Kegel exercises are basic clench-and-release exercises that help strengthen your pelvic floor. The pelvis is the area between your hips that houses your reproductive organs.
The pelvic floor muscles are a group of muscles that support the bladder, control the flow of urine, and control ejaculate during intercourse. There are three pelvic muscles in men:
- Bladder. This is a balloon-shaped muscle that holds your urine in.
- sphincter muscles. These muscles help with the closure and opening of the urethra. The urethra is the tube that drains urine from the bladder.
- Pelvic floor muscles. Another name for this muscle is pubococcygeus (pu-bo-kak-sije-us) is also known as the PC muscle. It supports the rectum and bladder and controls urine flow.
If you have a weak pelvic floor, you may have a number of problems, such as an inability to control your bladder or bowels.
Once you learn and master Kegel exercises, you will have the ability to do them anytime and anywhere, whether in your own home, or while standing in line at the bank.
Why should you do Kegel exercises?
Every man has a gland known as the prostate. The prostate gland is the size of a walnut. It is located under the bladder surrounding the top of the urethra. The urethra transports urine through the penis to the outside of the body. The prostate gland is surrounded by many muscles. These muscles weaken as a person ages, or during treatment for prostate cancer. Pelvic floor muscle weakness can cause a person to leak urine – known clinically as incontinence. By strengthening your pelvic floor muscles, you’ll have the ability to control the flow of your bladder and urine. It’s important to note that strengthening your pelvic floor muscles takes time, just like building your biceps or any other muscle in your body.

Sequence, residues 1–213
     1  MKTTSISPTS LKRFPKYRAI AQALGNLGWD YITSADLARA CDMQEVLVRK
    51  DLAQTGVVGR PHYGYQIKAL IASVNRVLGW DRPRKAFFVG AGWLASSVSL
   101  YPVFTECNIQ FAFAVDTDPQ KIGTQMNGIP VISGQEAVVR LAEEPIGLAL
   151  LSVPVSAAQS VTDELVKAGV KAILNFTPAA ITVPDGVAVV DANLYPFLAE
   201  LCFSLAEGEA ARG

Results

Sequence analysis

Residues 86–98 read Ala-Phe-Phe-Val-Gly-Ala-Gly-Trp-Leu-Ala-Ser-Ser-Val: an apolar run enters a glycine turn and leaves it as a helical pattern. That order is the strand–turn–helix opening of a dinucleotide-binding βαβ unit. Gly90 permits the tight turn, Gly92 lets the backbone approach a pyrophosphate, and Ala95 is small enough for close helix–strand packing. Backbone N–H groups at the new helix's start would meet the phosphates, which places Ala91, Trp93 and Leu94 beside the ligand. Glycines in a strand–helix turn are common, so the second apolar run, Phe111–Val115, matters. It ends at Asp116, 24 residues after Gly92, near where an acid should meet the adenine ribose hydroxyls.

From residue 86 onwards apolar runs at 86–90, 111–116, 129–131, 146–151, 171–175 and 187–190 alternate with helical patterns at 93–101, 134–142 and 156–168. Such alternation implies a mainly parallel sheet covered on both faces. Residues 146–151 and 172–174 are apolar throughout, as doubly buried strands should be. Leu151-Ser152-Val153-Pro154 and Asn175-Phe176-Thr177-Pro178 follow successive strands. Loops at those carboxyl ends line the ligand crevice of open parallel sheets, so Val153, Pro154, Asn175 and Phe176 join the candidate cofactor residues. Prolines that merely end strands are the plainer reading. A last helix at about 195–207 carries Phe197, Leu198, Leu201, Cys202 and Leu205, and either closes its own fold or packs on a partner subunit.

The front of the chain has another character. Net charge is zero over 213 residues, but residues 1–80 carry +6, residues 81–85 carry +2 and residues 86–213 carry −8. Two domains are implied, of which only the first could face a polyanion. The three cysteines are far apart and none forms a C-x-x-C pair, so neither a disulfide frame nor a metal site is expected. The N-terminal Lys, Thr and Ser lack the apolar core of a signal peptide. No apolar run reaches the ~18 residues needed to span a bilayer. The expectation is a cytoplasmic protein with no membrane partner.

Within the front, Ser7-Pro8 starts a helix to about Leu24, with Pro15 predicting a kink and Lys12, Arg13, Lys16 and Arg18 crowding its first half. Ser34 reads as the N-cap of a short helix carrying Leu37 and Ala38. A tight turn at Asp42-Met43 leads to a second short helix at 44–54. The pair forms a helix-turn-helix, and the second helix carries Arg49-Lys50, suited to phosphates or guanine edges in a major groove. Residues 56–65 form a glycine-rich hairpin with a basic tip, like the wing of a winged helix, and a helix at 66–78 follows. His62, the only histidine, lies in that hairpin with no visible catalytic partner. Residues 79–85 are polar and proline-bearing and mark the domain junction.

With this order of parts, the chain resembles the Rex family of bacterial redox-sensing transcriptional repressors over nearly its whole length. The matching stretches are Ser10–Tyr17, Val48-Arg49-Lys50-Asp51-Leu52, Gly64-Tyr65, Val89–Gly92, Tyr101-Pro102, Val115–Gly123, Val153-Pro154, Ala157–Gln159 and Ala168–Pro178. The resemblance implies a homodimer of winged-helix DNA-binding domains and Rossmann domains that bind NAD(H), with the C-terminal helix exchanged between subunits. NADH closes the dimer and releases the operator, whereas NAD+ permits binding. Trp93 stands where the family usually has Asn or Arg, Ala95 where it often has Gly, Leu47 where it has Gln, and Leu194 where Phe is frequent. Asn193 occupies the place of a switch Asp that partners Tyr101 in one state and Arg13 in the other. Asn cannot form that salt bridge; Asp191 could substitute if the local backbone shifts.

How to find the pelvic floor muscles in men
Most men find it difficult to identify the right pelvic floor muscle group. One way to properly locate the pelvic floor muscles is to insert a finger into the rectum and try to squeeze it. This should be done in such a way that you do not strain your thigh, buttocks, or stomach muscles.
Another way to do this is to tense the muscles that release gas. If it is still supplying you with trouble, then practice stopping the flow of urine. Stopping the flow of urine is a good and reliable method of locating the pelvic floor muscles. But try not to make this a routine practice.
Men can even locate their pelvic floor muscles with the help of biofeedback. If you are still having trouble locating your pelvic floor muscles on your own, make an appointment with your healthcare provider.
4 Kegel exercises to strengthen your pelvic floor
Here’s the thing – the pelvic floor can be activated anytime, anywhere. However, it is also important to incorporate specific exercises that target and strengthen the pelvic floor muscles.
One way this is finished is by categorizing the exercises for men with hypotonic pelvic floor muscles and those with hypertonic pelvic floor muscles.
Hypotonic means low tone pelvic floor problems with a need to strengthen and increase strength and endurance.